Positive vs. Negative Futures

March 26 2008 / by Alvis Brigis / In association with Future Blogger.net
Category: Other   Year: General   Rating: 7

When considering the future, is it more important to focus on the extinction risk posed by advancing technology or the massive potential for social advancement enabled by the same?

Futurist blogger and core Lifeboat Foundation member Michael Anissimov argues that calculating and combating existential risk is the moral imperative of our time.

Anissimov writes, “In less than a decade, humanity will likely develop weapons even more deadly than nukes – synthetic life, and eventually, nanorobots and self-improving AI. Even if we consider the likelihood of human extinction in the next century to be small, say 1%, it still merits attention due to the incredibly high stakes involved.”

Jamais Cascio, founder of worldchanging.com and a popular futurist blogger in his own right, concurs that existential risk is a most valid concern.

In a recent Nanotechnology Now column he explains, “[S]ome technologies may enable individuals or small groups to carry out attacks, on infrastructure or people, at a scale that would have required the resources of an army in decades past. This is not an outlandish concern by any means; many proponents of the “super-empowered angry individual” (SEAI) concept cite the September 11 attacks as a crude example of how vulnerable modern society can be to these kinds of threats. It’s not hard to imagine what a similar band of terrorists, or groups like Aum Shinrikyo, might try to do with access to molecular manufacturing or advanced bioengineering tools.”

But then Cascio turns things around a bit and points out that “angry people aren’t the only ones who could be empowered by these technologies.”

“As a parallel, the core of the “super-empowered hopeful individual” (SEHI) argument is that these technologies may also enable individuals or small groups to carry out socially beneficial actions at a scale that would have required the resources of a large NGO or business in decades past,” writes Cascio, “They would rebuild towns or villages after a natural disaster, or provide health care to refugees; they would clean up environmental toxins, or build renewable energy systems. ... They would carry out the kinds of projects that humanitarian organizations do today, but be able to do so with smaller numbers, greater speed, and a far larger impact.”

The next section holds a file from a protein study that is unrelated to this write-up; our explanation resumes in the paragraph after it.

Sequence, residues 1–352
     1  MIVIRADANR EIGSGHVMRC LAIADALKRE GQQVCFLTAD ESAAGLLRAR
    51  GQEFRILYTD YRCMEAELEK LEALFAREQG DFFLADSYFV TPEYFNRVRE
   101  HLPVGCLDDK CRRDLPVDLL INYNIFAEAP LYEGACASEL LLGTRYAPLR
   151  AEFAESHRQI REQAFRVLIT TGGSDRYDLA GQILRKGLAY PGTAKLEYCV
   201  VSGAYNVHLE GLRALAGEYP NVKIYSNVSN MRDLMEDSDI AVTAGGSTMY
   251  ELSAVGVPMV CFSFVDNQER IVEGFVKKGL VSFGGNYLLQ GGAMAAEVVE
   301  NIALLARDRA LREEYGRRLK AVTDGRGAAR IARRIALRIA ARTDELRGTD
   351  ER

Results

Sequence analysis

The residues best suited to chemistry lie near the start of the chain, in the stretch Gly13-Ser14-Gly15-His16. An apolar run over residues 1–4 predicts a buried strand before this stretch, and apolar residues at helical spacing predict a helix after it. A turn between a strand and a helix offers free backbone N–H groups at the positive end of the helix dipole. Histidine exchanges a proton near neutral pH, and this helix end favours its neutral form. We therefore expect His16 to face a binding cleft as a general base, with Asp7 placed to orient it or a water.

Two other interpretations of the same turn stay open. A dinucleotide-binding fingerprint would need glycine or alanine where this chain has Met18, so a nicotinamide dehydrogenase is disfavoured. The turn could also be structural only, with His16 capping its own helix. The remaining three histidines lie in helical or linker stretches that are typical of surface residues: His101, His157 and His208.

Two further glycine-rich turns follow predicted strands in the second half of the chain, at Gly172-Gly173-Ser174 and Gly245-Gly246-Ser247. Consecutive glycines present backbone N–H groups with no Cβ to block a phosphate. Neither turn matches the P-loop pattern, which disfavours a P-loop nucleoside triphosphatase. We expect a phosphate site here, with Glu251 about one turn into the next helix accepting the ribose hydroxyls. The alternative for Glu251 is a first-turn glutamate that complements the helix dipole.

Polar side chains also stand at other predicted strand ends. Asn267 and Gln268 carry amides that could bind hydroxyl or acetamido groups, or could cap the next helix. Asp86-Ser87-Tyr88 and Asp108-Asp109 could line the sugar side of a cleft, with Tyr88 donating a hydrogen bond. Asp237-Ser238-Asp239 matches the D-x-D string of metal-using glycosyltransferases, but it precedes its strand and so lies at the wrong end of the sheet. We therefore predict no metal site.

So where does that leave us when deciding how much of our future simulation(s) to devote to one or the other?

To me, this seems like a “chicken or the egg”, “yin and yang”, “day and night” situation where it’s clear that we, as a species, need to focus on both, as I’m sure Cascio and Anissimov would agree, and establish the broadest spectrum of future scenarios. That being said, my hunch is that on an individual level generalism is probably not the best way to go.

Yes, it’s important for futurists and thinkers to understand as much of the system as possible, but at the same time we need people to excel at imagining very thin slices of the future—positive-futurists, risk-focused futurists, targeted domain futurists, and futurists with unconventional styles. Like dogged entrepreneurs or focused athletes who are blind to all else but their goal, the futurists who can zone-in on a particular scenario or vision will likely advance that idea set farther than a more balanced generalist whose simulational capacity is more distributed across different areas.

We need to reward futurists for how far their ideas and models can stretch and expand our vision of the future, so that collectively we can grow out the largest, most comprehensive and versatile simulation of what’s coming next. To accomplish this, IMO, we need to keep pushing the envelope with new and better prediction markets and social media applications that can further amplify the mass computation underlying all of the individual futuring by allowing individuals to contribute in their preferred modes and styles. As the our future gets increasingly complex, only by coordinating our imaginations and research efforts can we hope to optimize our foresight.

There’s never any guarantee that a given person will solve any huge piece of the puzzle, but it’s likely that together we’ll solve a great deal more of it. Foresight facilitated by social media that lets each “agent” offer something unique may well be our best way to effect the most socially desirable outcome.

Whether you find yourself on the dark or bright side of futurism, what matters most is that you bring your A-game and encourage others to do so as well.

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